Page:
In a review of 8 research studies by Cochrane Reviews, honey relieves cough better than placebo and diphenhydramine [R]. Not to mention, honey obviously has fewer side effects than cough medicine too.
4. Good for seasonal allergies?
Local raw wildflower honey is used in allergy protocols for seasonal allergies [R].
The reason that local wildflower honey may help with allergic symptoms is that exposure to small amounts of bee pollen from the honey may make the body more immune-tolerant.
Honey has comparable effects to antihistamines according to some clinical research. Using 1 gram of honey per kg of body weight is the dose of honey that is used in research, but many people find that they don’t need that much [R].
However, not all research supports that honey is helpful for allergy symptoms, and of course, some people are actually allergic to honey.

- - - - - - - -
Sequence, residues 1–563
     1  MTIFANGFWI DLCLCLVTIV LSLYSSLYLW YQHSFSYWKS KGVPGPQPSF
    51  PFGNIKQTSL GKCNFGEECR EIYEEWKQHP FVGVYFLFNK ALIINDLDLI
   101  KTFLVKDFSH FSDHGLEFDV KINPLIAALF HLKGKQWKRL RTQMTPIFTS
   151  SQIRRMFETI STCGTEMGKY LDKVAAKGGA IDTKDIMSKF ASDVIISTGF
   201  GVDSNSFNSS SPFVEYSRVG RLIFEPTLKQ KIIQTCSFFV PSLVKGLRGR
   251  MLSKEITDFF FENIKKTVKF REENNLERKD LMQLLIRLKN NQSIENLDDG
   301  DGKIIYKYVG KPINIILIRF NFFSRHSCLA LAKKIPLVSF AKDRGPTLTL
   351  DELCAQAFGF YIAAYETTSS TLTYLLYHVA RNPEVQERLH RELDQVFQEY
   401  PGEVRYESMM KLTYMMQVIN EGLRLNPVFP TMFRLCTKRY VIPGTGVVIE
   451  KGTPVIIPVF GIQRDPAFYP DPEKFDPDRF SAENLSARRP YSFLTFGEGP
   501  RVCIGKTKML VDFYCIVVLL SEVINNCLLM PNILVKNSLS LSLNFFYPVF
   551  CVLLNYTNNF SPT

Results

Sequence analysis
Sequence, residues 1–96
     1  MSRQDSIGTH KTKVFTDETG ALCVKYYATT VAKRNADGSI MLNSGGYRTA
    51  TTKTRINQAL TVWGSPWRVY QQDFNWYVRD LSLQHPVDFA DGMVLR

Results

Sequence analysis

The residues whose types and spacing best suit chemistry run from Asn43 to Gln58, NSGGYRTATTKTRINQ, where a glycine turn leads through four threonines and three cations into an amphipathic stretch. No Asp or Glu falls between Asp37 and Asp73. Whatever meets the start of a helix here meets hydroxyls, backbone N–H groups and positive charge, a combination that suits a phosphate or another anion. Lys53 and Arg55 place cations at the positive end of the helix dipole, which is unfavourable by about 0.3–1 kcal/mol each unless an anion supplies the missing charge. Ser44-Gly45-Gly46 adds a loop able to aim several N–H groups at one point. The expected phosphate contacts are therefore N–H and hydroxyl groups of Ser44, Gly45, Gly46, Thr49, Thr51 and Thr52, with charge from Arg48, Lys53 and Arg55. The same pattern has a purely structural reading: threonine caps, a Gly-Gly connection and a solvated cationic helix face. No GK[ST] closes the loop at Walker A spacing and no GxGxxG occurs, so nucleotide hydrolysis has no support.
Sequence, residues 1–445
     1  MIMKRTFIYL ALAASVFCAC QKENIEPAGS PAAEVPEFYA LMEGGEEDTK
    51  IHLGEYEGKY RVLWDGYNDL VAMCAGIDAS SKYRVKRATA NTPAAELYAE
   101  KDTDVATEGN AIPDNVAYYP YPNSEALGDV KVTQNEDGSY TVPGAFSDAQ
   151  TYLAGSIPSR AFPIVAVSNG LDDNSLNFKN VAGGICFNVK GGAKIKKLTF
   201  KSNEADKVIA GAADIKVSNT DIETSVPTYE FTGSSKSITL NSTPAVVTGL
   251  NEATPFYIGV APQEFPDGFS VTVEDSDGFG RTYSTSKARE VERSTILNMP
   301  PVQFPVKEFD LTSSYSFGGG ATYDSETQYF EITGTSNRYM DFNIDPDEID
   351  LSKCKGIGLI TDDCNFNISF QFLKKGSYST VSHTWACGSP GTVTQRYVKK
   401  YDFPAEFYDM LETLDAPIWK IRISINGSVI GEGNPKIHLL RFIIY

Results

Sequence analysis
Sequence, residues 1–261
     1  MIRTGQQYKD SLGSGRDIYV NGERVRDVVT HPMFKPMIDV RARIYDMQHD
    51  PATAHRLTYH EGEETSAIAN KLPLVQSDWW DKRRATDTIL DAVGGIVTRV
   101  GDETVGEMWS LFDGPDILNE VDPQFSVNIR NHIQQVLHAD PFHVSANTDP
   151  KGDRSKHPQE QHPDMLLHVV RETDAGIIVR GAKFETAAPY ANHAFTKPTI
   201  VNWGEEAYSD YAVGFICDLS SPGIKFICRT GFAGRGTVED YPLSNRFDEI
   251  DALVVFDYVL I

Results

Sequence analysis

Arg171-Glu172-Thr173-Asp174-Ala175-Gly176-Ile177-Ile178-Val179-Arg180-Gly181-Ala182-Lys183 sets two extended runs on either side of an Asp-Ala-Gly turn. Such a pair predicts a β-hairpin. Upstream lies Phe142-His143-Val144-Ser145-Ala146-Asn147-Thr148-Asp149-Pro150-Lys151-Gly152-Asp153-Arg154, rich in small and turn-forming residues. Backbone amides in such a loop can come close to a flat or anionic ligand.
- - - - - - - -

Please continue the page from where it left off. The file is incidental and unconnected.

5. Contains antioxidants
Raw wildflower honey is particularly rich in antioxidants, which are beneficial for so many aspects of health.
Over 30 types of antioxidants are found in honey and 600 types of volatile compounds are also present in this complex food [R].
The antioxidants in honey may help reduce inflammation in the body, reduce risk of some kinds of cancers, and fight harmful germs [R].
6. Sweeter than sugar
If you want to have a sweet treat, but don’t want to add on too much sugar, honey is for you.
This is because honey is about a third sweeter than sugar, so you can use less to get the same level of sweetness.
Honey also doesn’t spike blood sugar as much as sugar does, which is another big perk of honey [R].
Plus, wildflower honey gives more flavor than most honey, so it’s both sweet and more flavorful than using other kinds of honey or sugar.
7. May help maintain a healthy weight
Make no mistake, honey has calories and sugar. But as you have seen by now, it is much more beneficial for health and even helpful for reducing sugar spikes compared to sugar.